The first few hours were Cheyne-stokes, and the last ones were agonal.


    Pathophysiology and treatment of Cheyne-Stokes respiration -- Naughton 53 (6): 514 -- Thorax
  8. Visit  CIRQL8 profile page
    0
    Ok, yes, Cheyne-Stokes - correct. Thank you. See what happens when you don't practice it?? This is one reason why I listen to the docs grill the residents and read thsese threads. Keeps my memory a little fresher.

    Thank you all for your kind words.
  9. Visit  leslie :-D profile page
    0
    cheyne-stokes is a cyclic fluctuation in respiratory rate and depth.
    from periods of brief apnea, the breaths become progressively faster and deeper, then slower and more shallow until apnea sets in; then the cycle begins again.

    whereas kussmaul's is indicative of diabetic acidosis or diabetic coma. cheyne stoking can be caused by heart failure, neuro insults and meds.
    and cheyne stokes is very common when one is actively dying.

    leslie
  10. Visit  AnnieOaklyRN profile page
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    That is not kussmauls breath that in cheyne stokes which is typical for the head injured patient with rising ICP and herniation syndrome. Sorry about your loss.

    Swtooth
  11. Visit  GardenDove profile page
    0
    My husband went into Kussmauls when he went into metabolic acidocisis from acute renal failure, secondary to Lymphoma. Nightmarish situation, he ended up in ICU on dopamine and receiving dialysis. He died about a month later. Bad memory...
  12. Visit  Lacie profile page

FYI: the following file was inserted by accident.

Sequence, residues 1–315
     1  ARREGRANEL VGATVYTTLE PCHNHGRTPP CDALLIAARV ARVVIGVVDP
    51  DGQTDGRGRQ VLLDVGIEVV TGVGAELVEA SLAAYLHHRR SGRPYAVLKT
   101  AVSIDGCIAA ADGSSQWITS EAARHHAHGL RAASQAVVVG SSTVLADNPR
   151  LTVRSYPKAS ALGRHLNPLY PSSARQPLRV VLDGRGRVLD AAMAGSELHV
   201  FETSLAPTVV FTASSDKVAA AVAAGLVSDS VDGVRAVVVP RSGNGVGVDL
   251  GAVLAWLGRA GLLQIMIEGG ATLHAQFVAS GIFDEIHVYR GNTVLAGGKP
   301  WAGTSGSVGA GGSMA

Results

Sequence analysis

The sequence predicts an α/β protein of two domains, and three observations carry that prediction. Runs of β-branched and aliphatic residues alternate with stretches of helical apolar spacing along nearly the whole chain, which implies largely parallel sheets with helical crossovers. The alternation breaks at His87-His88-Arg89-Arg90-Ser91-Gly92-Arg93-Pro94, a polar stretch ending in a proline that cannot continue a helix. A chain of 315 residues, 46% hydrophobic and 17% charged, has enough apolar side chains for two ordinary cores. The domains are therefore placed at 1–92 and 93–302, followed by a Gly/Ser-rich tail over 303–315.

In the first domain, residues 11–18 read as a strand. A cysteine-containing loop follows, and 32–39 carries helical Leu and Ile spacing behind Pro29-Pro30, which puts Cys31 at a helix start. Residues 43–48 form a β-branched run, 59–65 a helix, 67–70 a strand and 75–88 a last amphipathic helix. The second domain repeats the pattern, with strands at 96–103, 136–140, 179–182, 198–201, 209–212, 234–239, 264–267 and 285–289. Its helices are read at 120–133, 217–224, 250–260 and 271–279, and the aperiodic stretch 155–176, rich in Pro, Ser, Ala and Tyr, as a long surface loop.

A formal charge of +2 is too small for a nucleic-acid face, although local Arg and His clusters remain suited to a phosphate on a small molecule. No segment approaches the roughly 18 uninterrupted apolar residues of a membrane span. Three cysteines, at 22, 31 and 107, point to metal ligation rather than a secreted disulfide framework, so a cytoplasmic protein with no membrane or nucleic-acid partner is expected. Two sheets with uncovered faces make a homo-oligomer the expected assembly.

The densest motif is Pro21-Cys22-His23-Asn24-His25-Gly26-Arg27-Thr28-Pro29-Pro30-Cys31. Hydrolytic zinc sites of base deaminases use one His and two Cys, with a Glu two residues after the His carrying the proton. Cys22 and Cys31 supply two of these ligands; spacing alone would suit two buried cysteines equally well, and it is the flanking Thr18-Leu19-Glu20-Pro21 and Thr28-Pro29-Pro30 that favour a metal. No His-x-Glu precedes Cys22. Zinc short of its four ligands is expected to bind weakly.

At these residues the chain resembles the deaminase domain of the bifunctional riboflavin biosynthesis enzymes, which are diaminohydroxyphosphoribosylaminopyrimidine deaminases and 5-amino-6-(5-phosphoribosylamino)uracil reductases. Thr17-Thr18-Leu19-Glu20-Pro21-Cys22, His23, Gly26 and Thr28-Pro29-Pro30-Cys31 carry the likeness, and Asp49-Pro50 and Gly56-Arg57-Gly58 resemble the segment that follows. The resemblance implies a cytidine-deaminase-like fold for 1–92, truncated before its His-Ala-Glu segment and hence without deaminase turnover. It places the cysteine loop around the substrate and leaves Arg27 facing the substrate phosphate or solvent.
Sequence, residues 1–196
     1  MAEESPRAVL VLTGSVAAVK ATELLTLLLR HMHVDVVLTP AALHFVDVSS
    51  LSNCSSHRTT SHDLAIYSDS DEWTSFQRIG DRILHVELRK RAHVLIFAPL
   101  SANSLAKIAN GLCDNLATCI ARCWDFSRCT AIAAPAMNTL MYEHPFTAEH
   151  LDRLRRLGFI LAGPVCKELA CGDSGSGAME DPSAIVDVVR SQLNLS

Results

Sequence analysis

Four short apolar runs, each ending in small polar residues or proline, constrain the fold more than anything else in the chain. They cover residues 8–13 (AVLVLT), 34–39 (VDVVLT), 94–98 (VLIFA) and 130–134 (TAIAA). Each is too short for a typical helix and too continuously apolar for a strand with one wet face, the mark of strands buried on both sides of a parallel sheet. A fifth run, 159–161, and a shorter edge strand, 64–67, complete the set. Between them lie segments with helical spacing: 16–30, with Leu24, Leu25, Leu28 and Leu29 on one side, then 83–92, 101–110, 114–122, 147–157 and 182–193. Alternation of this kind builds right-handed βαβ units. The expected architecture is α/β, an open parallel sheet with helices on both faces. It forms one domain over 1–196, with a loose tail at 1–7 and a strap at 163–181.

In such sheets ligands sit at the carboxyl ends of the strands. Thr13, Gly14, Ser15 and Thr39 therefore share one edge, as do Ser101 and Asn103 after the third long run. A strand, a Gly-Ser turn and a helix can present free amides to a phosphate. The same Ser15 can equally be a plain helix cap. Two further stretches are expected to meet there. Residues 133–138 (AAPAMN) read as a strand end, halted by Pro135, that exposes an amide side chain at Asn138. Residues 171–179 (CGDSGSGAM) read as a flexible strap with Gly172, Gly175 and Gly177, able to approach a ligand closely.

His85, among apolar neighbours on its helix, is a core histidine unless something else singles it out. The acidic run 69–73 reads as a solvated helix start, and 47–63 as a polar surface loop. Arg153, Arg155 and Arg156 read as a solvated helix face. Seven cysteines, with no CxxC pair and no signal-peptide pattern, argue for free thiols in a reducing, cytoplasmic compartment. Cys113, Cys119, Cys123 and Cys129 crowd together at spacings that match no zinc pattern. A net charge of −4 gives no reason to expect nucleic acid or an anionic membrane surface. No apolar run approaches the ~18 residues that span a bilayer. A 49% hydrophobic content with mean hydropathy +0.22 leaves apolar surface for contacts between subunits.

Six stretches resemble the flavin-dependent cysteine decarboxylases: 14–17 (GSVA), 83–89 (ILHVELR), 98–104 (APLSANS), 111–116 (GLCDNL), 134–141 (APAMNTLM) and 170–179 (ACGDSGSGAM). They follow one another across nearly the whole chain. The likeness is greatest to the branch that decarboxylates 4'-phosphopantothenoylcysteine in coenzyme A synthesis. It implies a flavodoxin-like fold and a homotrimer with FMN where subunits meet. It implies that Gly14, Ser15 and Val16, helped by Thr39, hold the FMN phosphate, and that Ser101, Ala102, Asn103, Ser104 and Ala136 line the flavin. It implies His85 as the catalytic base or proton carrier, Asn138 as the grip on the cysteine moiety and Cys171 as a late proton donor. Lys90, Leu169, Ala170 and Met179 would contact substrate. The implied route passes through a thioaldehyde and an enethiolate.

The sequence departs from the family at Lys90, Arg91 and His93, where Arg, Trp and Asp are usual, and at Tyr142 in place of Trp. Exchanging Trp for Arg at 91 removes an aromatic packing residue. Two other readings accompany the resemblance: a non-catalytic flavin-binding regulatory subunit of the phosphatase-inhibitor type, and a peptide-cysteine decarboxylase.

2
    Quote from cardiacRN2006
    The first few hours were Cheyne-stokes, and the last ones were agonal.
    Pathophysiology and treatment of Cheyne-Stokes respiration -- Naughton 53 (6): 514 -- Thorax
    The first time you hear these you will never forget them. I agree its an honor to be permitted to be with a family member. My husband suffered a brain aneurysm at age 34. I awoke at 7am on morning to agonal breathing at my side and initiated cpr until the paramedics arrived. I knew that sound soon as I heard it! He was an organ donor therefore we kept him on life support for 3 days before removing. This was a healthy and active man and former marine. I cant tell you how comforting it was during this 3 days in the ICU at Mercy Hospital in Pittsburgh as the nursing staff not once asked myself or my 2 sons to leave his bedside unless it was a special procedure or personal care but never more than a few minutes. My children were 9 and 15 at the time. This was unusual for me as every ICU I had ever worked in wouldnt allow the children to stay for any length of time. They even allowed my youngest to climb on the bed and stay never once sending him out. Always explaining the equipment and procedures to him. After they harvested his organs they even pushed the limit for me to allow me to spend time with him in the OR afterwards. For my children it gave them time to say what they had to say and also to understand what was happening. This was also thier first experience with death. The organ donation also helped so much with the fact that his death wasnt for nothing either. We later got letters telling us where the organs went and to what type person recieved them (age, children, state, etc). I wish all hospitals would or could offer the treatment I and my children recieved from Mercy during that time by allowing us that time to be with him. Many could take a very good lesson! I remember my son seeing the foley bag and saying "No wonder Daddy's always in the bathroom" lol. Kids find humor in the worse circumstances sometimes. Even the nurses had a good giggle with him on that one.
    asdfghjkl123 and AtomicWoman like this.
  13. Visit  custert121 profile page
    0
    Is there anyone out there that can offer some advise on central sleep apnea. I've been on the resprionics ST machine for over 12 months,and things have not been working out, Is there an average pressure, please
    Advise many Thanks Mike